[0189] 1. the number of passes which will make up the interstitial printing operation,

[0190] 2. which marking elements are active at each printing pass operation,

[0191] 3. the offset in the bit map to be printed for each such pass.

[0192] The present invention includes the storing of alternative representations of this data which however amount to the same technique of printing. In each case 1) to 3) there can be a default value which is assumed to apply if the user does not enter any values. It will be appreciated from the above that the user may freely set the number of sub-images to be printed by selecting the number of passes.

[0193] The present invention also includes that items 1) to 3) above are machine settable, for instance printer controller 70 sets the parameters for printing, e.g. at least one of items 1) to 3) above, e.g. in accordance with an optimised algorithm. As indicated above the controller 70 may be programmable, e.g. it may include a microprocessor or an FPGA. In accordance with embodiments of the present invention a printer in accordance with the present invention may be programmed. For example, the printer may provide selection of the number of the sub-images. Accordingly, the present invention includes a computer program product which provides the functionality of any of the methods according to the present invention when executed on a computing device. Further, the present invention includes a data carrier such as a CD-ROM or a diskette which stores the computer product in a machine readable form and which executes at least one of the methods of the invention when the program stored on the data carrier is executed on a computing device. Nowadays, such software is often offered on the Internet or a company Intranet for download, hence the present invention includes transmitting the printing computer product according to the present invention over a local or wide area network. The computing device may include a personal computer or a work station. The computing device may include one of a microprocessor and an FPGA.

[0194] The data store 80 may comprise any suitable device for storing digital data as known to the skilled person, e.g. a register or set of registers, a memory device such as RAM, EPROM or solid state memory.

[0195] While the invention has been shown and described with reference to preferred embodiments, it will be understood by those skilled in the art that various changes or modifications in form and detail may be made without departing from the scope and spirit of this invention. For instance, with reference to FIG. 6 the parameters for determining the interlaced printing are stored in data store 80. However, in accordance with the present invention the preparation for the printing file to carry out the above mentioned printed embodiments may be prepared by the host computer 90 and the printer 60 simply prints in accordance with this file as a slave device of the host computer 90. Hence, the present invention includes that the printing schemes of the present invention are implemented in software on a host computer and printed on a printer which carries out the instructions from the host computer without amendment. Accordingly, the present invention includes a computer program product which provides the functionality of any of the methods according to the present invention when executed on a computing device which is associated with a printing head, that is the programmable computing device may be included with the printer or the programmable computing device may be a computer or computer system, e.g. a Local Area Network connected to a printer. The printer may be a network printer.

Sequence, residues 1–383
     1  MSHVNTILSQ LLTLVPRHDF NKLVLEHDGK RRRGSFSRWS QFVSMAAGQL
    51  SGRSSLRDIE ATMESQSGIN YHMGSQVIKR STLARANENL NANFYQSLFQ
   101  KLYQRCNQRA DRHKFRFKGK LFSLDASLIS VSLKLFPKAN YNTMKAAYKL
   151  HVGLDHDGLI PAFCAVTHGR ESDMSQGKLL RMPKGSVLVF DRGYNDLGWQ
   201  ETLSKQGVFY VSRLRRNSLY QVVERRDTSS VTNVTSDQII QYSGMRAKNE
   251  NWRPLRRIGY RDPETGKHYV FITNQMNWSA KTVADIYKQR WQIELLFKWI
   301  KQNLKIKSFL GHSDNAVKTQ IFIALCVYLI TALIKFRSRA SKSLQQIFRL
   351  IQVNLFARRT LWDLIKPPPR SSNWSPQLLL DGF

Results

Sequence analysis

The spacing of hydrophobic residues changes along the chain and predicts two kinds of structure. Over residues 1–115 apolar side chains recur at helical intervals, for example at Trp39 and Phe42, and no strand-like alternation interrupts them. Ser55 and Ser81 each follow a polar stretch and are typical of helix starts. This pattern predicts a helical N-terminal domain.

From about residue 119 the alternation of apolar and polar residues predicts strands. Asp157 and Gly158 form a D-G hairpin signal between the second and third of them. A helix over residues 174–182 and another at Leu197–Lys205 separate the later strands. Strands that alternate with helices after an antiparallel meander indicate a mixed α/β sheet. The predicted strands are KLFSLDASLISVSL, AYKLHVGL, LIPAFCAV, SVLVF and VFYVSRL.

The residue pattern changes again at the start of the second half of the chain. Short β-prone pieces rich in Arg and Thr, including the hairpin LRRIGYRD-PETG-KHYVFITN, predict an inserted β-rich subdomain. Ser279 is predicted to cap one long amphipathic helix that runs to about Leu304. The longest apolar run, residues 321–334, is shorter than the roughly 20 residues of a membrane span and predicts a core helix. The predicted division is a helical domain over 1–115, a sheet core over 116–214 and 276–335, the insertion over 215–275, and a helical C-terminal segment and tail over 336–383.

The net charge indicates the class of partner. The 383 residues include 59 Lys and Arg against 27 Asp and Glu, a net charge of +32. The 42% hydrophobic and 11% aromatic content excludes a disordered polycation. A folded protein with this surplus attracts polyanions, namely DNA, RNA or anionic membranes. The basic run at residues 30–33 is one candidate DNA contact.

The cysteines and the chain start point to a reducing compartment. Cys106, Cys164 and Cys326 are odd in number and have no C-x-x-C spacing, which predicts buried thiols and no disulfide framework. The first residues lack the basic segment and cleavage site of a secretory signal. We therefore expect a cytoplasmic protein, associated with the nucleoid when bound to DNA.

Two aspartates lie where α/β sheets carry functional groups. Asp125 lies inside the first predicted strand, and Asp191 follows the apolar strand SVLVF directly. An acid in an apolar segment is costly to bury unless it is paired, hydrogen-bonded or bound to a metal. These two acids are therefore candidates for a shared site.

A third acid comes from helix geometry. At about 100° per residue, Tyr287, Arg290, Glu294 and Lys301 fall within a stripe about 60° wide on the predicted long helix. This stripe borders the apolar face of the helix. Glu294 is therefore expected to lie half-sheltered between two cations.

Referenced by
Citing PatentFiling datePublication dateApplicantTitle
US7445313 *Aug 31, 2005Nov 4, 2008Konica Minolta Holdings Inc.Inkjet recording apparatus
US8018634 *May 23, 2006Sep 13, 2011Agfa Graphics NvImage printing method and system for improving image quality in dot matrix printer
US8294946 *Jun 12, 2006Oct 23, 2012Hewlett-Packard Development Company, L.P.Printer
US8439466May 16, 2012May 14, 2013Seiko Epson CorporationFluid ejecting apparatus and fluid ejecting method
US8511777 *Aug 11, 2010Aug 20, 2013Seiko Epson CorporationFluid ejecting apparatus and fluid ejecting method
US8590997Jan 9, 2013Nov 26, 2013Seiko Epson CorporationFluid ejecting apparatus and fluid ejecting method
US20070285682 *Jun 12, 2006Dec 13, 2007Hewlett-Packard Development Company LpPrinter
US20110025737 *Jul 9, 2010Feb 3, 2011Seiko Epson CorporationFluid Ejecting Apparatus and Fluid Ejecting Method
US20110037800 *Aug 11, 2010Feb 17, 2011Seiko Epson CorporationFluid ejecting apparatus and fluid ejecting method
Classifications
U.S. Classification347/41
International ClassificationG06K15/10, B41J2/21, B41J11/42
Cooperative ClassificationB41J11/42, G06K2215/0094, G06K15/105, B41J2/2132
European ClassificationB41J2/21D, G06K15/10B2, B41J11/42